|The Harrisburg, Ill. tornado of 2012 wasn't severe enough to be a federal disaster.|
It may sound so cold to think such a thought. But that seems to be the reality in Harrisburg, a Southern Illinois town of just over 9,200 people.
When a string of tornadoes managed to whisk their way through Missouri and on into Kentucky, Harrisburg was one of the Illinois communities that managed to get hit on Leap Day (a.k.a., Feb. 29).
BECAUSE THERE WASN’T much there to begin with, it didn’t take much for the entire town to be devastated. Plus the fact that everything that happens locally always seems more severe than a major tragedy taking place elsewhere, and you can appreciate how Harrisburg sees their storm of a couple of weeks ago as a major historic event.
They’d like to have the sad saga of tragedy; followed up by the heroic comeback as the people don’t let Mother Nature get them down. They rebuild, possibly to something even more significant than what was there to begin with.
That literally is the tale of Chicago – which could easily have ceased to exist after the great fire of 1871. Instead, it leaped far ahead of other Midwestern towns to become a major world city.
But nothing like that is going to happen in Harrisburg, or surrounding Saline County, Ill. Because in addition to getting walloped by nature, it seems the federal government did a number that will likely keep this town forevermore in the dumps.
BECAUSE IF THEY do choose to rebuild, it’s going to have to be a purely local effort. They’re not about to get much in the way of help from anyone.
Federal officials have ruled that the natural disaster that occurred in Harrisburg wasn’t severe enough to qualify for federal disaster status. There won’t be any federal aid headed for the Southern Illinois community.
A letter from the Federal Emergency Management Agency to state government said they believe Illinois government is more than capable of providing the finances to help the people of Harrisburg.
“The damage was not of such severity and magnitude as to be beyond the capabilities of the state, affected local governments and voluntary agencies,” FEMA officials informed Illinois government.
WHICH MAY BE true on a certain level. There is only so much money to go around, and I’m sure the people of Branson, Mo., will feel relieved that every dollar not being spent in Harrisburg means potentially another dollar that can be spent on rebuilding their community with all those theaters that attract the country music crowd (although for what it’s worth, I have an uncle who lives not far from Branson who claims it’s actually a nice place to visit for a quick show).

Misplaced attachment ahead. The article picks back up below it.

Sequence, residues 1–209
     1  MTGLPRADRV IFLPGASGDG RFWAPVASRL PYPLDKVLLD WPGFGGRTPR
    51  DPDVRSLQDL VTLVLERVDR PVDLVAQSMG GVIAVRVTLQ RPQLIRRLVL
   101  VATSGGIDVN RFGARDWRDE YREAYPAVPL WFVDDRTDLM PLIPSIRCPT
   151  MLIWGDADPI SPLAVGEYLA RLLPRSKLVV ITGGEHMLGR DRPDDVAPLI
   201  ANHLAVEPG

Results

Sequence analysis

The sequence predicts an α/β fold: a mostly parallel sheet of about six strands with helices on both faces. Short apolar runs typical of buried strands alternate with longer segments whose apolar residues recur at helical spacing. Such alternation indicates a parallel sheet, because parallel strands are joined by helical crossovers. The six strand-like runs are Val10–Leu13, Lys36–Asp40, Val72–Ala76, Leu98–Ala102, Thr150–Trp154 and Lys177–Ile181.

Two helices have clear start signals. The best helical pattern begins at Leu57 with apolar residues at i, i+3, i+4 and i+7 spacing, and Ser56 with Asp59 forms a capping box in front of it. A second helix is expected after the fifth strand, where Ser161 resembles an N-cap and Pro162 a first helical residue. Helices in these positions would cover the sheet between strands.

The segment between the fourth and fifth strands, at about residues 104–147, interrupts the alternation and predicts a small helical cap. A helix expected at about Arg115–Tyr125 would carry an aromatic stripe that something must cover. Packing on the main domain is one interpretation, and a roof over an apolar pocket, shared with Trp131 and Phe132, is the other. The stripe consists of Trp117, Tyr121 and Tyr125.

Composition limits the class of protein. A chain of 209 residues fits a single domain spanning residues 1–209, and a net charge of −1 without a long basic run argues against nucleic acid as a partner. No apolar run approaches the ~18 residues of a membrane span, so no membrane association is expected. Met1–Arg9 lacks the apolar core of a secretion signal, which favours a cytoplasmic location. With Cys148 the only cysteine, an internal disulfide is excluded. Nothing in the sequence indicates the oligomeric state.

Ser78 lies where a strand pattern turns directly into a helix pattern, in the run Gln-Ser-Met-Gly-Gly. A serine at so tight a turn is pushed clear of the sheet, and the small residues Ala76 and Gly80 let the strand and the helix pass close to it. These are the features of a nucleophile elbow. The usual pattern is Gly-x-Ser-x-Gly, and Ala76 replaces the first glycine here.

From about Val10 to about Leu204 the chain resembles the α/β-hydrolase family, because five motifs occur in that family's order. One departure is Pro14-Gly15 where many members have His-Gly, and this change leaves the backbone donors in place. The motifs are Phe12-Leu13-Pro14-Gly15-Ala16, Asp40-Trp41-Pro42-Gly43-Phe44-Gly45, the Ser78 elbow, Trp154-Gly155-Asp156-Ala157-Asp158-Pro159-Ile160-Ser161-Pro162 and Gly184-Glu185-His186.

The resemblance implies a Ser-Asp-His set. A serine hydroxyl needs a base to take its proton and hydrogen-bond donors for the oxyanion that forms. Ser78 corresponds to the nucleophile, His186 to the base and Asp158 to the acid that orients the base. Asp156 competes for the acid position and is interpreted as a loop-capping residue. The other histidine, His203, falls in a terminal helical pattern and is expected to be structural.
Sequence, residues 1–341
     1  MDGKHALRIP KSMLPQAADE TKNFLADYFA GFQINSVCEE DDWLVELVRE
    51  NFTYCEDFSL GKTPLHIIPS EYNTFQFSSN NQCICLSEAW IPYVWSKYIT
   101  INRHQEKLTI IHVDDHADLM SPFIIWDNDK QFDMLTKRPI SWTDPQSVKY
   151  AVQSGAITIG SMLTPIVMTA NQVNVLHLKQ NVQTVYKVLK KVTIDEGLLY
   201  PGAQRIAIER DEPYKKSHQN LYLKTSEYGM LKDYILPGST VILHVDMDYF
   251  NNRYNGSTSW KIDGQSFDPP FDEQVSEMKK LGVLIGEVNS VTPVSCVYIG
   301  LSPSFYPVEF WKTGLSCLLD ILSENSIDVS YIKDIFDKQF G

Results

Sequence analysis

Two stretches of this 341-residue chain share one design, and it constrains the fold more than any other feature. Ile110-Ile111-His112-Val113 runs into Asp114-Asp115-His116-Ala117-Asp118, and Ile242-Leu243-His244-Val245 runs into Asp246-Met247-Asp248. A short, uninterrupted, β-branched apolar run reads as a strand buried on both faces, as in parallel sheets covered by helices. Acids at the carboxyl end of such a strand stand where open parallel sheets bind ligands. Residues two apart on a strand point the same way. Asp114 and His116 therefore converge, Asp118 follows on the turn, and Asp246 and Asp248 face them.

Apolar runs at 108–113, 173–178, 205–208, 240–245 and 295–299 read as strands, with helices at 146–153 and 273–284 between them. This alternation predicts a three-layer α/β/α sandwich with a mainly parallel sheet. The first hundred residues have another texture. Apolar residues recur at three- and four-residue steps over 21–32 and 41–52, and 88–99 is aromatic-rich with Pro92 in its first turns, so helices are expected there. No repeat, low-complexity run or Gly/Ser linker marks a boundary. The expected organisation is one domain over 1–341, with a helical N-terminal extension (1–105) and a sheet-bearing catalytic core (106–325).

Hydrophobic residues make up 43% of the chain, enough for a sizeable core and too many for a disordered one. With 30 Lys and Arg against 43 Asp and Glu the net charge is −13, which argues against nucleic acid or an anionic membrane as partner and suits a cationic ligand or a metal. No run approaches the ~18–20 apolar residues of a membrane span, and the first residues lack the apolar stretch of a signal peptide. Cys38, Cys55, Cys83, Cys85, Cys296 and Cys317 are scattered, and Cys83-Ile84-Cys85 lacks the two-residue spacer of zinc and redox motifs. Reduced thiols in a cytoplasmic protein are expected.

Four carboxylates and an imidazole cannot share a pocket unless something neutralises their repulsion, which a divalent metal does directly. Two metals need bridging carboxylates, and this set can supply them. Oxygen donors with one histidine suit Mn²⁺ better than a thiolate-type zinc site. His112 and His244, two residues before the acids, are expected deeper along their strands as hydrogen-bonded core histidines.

But back to Harrisburg, which has been told that even though they had fatalities and there are people who will be left homeless without some assistance to rebuild their residential structures, their suffering just isn’t important enough.
Even though I realize there’s only so much federal money to go around and the devastation may well be worse in Henryville, Ind., or West Liberty, Ky., I’m sure that doesn’t ease the pain of those who suffered within our own state’s boundaries. It certainly didn't make Sen. Richard Durbin, D-Ill., any less disgusted (which was the image I woke up to Monday morning when my television went on to CNN's Headline News and anchor Robin Meade was having her way with the story).
|Just like Allstate?|
I’m sure we’d be equally ticked off if, somehow, a tornado had managed to clip its way through the extensive suburban area – only to find that someone in Washington thought that Chicago officials were wealthy enough to pay for repairs themselves.
IT’S PART OF why we have a federal government to provide these services. Their actions these days reek of the same stench that we sense whenever an insurance company prefers to look for excuses not to pay a claim – rather than providing the services they’re supposed to for all the years of payments the clients made so they’d be protected on that “rainy day.”
The United States of America, behaving like a face-less insurance company – that is a sad moment for all of us, regardless of where we live.